Two New Stops!

We’re pleased to announce Ensign Brook Farm and Booth Farm as two new exciting stops along the 15-mile route.

A beautiful sheep farm, Ensign Brook has three different registered flocks – Romney, Merino-crosses, and Cheviot – which yield whole range of fibers.  This variety allows for interesting and unique yarns and roving, which are spun in small quantities to ensure quality.  Also available are watercolor and landscape paintings by Karin, the farmer herself!  You won’t want to miss what will surely be a fun stop!

Booth Farm has an interesting history and currently produces compost for sale.  From their website: “Six generations of Booths have run a dairy farm along the Hudson on what was originally part of the Schuyler Land Grant. The growth of the dairy business raised concerns for the surroundings, especially the beautiful Hudson River. Kevin Booth began experimenting with composting to better manage the animal waste. Today, after many years of experimentation, education, and determination, Booth’s Blend compost, an all natural product, is available to help you create beautiful plantings.”  Their farm overlooks the Saratoga Battlefield, a sight you won’t want to miss!

Tour de History

“Tour de Farm” is perhaps a slight misnomer, because the ride rolls through areas rich with significant historical influence.  “Tour de Farm and History” better represents the tour, but is also a mouthful!  On the tour, not only will you see farms, but also many Revolutionary War historic sites.

In 1777, American soldiers fought two fierce battled against the British and forced surrender on the land which is now the Saratoga National Historical Park.  According to Sir Edward Shepherd Creasy’s The Fifteen Decisive Battles of the World: from Marathon to Waterloothe Saratoga Battles rank as the 13th most important battles in world history.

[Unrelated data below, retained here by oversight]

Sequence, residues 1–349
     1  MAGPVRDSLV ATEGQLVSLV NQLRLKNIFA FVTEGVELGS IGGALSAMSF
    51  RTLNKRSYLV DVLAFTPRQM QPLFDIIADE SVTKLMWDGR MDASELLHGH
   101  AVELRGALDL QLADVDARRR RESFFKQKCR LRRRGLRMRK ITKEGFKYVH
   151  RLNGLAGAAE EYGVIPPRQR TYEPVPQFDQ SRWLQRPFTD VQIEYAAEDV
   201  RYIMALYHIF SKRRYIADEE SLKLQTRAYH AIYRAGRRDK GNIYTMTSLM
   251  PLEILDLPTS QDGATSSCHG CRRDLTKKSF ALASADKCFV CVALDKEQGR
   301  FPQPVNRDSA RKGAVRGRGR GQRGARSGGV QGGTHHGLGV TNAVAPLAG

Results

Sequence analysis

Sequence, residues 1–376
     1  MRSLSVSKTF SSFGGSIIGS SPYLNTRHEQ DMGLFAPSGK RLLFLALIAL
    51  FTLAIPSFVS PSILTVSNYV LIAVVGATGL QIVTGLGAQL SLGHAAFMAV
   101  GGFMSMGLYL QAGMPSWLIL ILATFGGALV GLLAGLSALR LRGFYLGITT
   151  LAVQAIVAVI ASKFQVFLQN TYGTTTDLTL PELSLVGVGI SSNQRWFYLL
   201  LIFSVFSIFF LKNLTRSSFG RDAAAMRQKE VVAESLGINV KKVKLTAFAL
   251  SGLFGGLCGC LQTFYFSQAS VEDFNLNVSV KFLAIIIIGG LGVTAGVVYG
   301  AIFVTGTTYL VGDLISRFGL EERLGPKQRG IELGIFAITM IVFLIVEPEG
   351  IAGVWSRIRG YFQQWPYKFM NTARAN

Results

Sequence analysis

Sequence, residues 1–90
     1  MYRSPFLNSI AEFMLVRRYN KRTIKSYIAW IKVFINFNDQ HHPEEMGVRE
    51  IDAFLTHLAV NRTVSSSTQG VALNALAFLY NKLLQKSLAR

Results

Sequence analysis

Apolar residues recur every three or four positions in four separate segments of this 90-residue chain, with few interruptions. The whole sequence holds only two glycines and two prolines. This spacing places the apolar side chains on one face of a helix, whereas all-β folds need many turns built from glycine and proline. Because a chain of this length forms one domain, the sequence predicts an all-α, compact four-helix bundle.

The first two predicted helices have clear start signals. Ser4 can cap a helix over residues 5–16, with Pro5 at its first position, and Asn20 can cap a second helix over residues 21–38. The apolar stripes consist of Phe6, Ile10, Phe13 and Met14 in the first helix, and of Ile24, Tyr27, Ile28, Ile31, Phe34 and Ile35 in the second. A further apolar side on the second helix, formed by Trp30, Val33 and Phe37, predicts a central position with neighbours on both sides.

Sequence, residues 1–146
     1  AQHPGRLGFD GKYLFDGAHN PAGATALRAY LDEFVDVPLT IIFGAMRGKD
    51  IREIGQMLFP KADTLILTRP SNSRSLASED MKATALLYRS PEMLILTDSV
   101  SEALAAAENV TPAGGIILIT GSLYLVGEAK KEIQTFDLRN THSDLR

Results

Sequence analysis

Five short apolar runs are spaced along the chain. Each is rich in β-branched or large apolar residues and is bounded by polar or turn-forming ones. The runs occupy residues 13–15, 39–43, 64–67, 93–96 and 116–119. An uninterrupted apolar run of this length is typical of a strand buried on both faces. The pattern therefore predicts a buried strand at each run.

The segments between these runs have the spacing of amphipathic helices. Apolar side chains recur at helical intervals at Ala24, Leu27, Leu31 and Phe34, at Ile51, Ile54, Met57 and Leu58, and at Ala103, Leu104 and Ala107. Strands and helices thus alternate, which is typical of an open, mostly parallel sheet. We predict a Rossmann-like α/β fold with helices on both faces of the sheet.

On the 35-mile route, you’ll pass through (and stop by) historic houses, farms and, significant sites of the Saratoga Battles, which include:

The Schuyler House

The Schuyler House is located 8 miles north of the Battlefield.

The Schuyler House is the restored country house of American General Philip J. Schuyler, a hero of the Saratoga Battles, both before and after the Revolutionary War.  The original house was actually burned by the British; the one that stands today was built in 1777.

Sword Surrender Site

“Surrender of General Burgoyne” by John Trumbull, 1822.

Faced with overwhelming numbers, Burgoyne surrendered his sword to General Gates on October 17, 1777.  Burgoyne’s depleted army, some 6,000 men, marched out of its camp “with the Honors of War” and  stacked its weapons along the west bank of the Hudson River at the Field of Grounded Arms.

Freeman Farm Overlook

The view from the former farm site. Although the view is mostly obscured from heavy tree growth, the view remains similar to what it was in 1777.

Major fighting took place on the land leased from farmer John Freeman, a loyalists who went north and joined British forces, on September 19, 1777.

The Neilson House 

From the Neilson House, one has an almost 360-degree view of the battlefield.

Built by John and Lydia Neilson in 1775 or 1776, the infamous General Benedict Arnold used this house as headquarters in 1777.  Today, it looks much the same and will be host to a “Progressive Encampment” during Tour de Farm.

Think you’ll be tired from all that biking? Imagine these soldiers and their families who marched many miles on foot!

The Saratoga National Historical Park was first authorized as a New York State historical preserve in 1927 and was made part of the National Park Service when authorized by Congress in 1938.

A Case for Farmland Conservation.